I am a lover of to-do lists, of busyness, of full calendars.
I’m a firm believer in the adage, “God helps those who help themselves.” I tend to discount the need for “down time.”
So, when the longing for a spouse and a family filled my soul, you better believe that I was owning the Tinder and Bumble worlds like it was nobody’s business.
In a city of 2.7 million, surely I would find the right person if I went on enough dates.
This was my prayer, my plea, my can-do attitude when the grind of dating would start wearing on me and despair would begin to set in. For all I knew, the man I was looking for was just on the other side of a swipe.
Thus, you can imagine my hesitancy when an out-of-the-blue job offer proposed I take a job in a city with 2.6 million fewer people, far less variety, far fewer restaurants and friends — and not a single rooftop bar.
The voice inside my heart was urging me to give this new opportunity a chance, but I loved my current job, my current bustling big city, my current life. And moving to small town America? More than anything, I was terrified that I would be single for life.
I had always said I was “open to life,” open to God’s will — but taking this leap of faith in my career meant I was also surrendering my well laid out, albeit not-that-successful, plans for my dating life.
Yet, this new job seemed to be where I was called to make a difference. This school and its leadership seemed to have a unique focus that I needed to explore.
One question kept me pondering: Could following my heart on a job opportunity lead to doing God’s will and therefore lead to personal happiness?
Surely, God knew the longings of my heart. Surely, He would not be leading me astray.
With a sometimes forced smile and barely concealed tears, I said goodbye to my former students and former life and greeted my new colleagues and new students. I begged everyone I met to be my friend.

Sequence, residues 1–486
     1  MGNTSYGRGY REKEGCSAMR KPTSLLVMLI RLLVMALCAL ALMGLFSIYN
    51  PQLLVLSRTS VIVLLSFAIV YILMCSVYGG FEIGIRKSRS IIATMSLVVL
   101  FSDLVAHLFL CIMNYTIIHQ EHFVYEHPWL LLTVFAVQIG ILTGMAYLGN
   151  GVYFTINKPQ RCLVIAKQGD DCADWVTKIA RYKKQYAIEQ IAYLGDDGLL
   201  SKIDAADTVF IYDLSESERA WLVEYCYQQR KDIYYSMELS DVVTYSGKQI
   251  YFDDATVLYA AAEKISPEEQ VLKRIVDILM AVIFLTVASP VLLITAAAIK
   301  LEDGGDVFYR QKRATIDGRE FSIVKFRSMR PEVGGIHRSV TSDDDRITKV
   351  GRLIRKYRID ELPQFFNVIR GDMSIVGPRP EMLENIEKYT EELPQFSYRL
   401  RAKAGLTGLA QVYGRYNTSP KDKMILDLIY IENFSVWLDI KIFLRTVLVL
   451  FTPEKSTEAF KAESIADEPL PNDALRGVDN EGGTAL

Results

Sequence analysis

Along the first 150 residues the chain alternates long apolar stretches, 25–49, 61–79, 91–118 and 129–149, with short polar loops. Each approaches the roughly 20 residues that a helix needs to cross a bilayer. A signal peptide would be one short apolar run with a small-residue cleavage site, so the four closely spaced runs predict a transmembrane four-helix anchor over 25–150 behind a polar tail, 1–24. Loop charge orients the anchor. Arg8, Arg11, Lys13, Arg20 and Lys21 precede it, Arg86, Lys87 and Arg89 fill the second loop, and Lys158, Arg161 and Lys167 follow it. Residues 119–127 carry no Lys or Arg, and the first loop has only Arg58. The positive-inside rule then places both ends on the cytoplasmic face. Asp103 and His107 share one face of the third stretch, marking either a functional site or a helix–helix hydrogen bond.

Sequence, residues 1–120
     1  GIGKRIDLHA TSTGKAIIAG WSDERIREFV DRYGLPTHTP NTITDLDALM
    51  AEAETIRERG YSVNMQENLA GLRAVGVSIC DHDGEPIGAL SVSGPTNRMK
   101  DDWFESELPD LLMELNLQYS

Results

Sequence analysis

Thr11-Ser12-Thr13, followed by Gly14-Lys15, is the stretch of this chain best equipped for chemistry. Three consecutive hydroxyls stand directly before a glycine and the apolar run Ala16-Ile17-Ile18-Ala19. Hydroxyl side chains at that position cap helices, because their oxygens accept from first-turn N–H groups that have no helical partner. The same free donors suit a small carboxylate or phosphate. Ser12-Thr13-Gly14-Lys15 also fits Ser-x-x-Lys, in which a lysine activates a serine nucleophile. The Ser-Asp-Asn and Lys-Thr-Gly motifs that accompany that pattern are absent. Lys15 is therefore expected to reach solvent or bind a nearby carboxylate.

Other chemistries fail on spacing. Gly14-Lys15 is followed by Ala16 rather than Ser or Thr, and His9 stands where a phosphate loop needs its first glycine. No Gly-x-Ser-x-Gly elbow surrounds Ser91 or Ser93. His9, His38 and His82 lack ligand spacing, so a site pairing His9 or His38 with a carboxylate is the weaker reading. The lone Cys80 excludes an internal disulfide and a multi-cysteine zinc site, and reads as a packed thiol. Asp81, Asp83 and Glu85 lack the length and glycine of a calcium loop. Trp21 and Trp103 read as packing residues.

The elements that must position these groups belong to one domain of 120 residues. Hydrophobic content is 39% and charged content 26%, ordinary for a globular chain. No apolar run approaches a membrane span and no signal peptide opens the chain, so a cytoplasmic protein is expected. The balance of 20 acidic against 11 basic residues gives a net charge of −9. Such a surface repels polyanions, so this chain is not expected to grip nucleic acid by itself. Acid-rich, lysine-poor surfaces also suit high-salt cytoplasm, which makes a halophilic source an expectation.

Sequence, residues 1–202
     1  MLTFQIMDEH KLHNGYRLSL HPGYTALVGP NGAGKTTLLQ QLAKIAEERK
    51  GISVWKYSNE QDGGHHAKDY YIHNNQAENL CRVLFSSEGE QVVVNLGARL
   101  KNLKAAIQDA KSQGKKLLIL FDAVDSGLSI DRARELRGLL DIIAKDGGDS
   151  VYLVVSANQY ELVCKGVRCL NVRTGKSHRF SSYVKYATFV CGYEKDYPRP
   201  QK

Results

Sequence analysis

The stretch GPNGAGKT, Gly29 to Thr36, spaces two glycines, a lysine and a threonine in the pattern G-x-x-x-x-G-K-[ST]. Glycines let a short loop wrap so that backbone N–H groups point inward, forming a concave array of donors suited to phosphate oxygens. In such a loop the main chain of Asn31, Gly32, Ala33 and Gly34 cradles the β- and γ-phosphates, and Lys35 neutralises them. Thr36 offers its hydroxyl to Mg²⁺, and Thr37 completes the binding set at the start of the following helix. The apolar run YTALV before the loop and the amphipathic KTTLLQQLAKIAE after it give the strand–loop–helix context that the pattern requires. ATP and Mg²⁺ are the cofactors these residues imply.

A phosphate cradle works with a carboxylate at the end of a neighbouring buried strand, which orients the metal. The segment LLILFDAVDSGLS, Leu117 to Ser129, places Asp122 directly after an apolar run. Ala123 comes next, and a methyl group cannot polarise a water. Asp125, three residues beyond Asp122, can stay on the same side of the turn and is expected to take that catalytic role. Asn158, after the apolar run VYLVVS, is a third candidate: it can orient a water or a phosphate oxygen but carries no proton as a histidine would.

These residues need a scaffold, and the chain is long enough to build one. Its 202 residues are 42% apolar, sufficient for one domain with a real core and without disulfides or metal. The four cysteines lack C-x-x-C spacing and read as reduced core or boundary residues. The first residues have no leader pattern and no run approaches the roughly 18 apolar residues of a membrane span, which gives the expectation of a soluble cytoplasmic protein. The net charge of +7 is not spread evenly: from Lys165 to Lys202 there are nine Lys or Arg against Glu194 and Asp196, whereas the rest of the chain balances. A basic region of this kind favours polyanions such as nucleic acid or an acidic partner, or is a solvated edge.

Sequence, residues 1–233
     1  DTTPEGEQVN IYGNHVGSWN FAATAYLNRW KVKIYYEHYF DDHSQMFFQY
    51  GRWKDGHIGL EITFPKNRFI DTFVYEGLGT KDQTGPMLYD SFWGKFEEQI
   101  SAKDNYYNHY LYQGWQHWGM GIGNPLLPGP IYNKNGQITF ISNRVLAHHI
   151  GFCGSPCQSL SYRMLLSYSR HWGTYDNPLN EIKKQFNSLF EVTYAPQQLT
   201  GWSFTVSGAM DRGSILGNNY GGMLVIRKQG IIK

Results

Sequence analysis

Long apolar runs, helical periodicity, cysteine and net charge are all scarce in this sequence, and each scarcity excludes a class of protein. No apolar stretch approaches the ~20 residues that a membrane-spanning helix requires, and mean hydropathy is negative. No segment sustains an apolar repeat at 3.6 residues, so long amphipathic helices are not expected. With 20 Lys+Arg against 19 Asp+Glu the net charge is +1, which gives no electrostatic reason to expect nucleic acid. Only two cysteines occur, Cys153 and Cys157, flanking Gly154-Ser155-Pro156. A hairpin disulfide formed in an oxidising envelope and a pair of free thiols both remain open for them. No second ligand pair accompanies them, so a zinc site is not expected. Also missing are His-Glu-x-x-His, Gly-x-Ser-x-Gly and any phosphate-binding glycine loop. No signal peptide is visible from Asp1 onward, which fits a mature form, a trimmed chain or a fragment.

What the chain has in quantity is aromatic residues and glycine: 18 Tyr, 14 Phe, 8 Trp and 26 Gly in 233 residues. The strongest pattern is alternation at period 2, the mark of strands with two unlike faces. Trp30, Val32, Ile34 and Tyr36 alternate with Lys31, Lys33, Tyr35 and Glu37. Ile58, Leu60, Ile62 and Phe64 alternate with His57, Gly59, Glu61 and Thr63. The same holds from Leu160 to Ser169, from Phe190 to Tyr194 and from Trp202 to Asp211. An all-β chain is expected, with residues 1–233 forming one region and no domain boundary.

And in this moment of complete surrender, God was able to work. One of those early friends soon became someone to whom I felt a pull, much like a moth to light. Free of the distractions of my big-city former life and more intentional in my interactions, I marveled when that friendship turned into a romance, that romance into a relationship, and that relationship into an engagement.
In a city where I see someone I know every time I leave my house, I could no longer hide behind a veil of anonymity and had to be authentically myself at all times. Finding a rich faith community, I was challenged to grow closer to God. And in this city with far fewer “fish in the sea,” I found the most generous, faith-filled, loving man I could have ever hoped to find.
God’s call is not always so instantly gratifying, I am well aware. God’s timeline in this matter of the heart was light-years slower than the timeline I had outlined when I mapped out my life.
Yet, in my surrender to try to follow God’s will — which at the time seemed paradoxical, confusing, and counterintuitive — only then was I able to find the peace and love that I had tried so diligently to find on my own.
Annie and Paul were married in the summer of 2018. Listen to the audio below to get a sneak peek of the celebrant’s homily: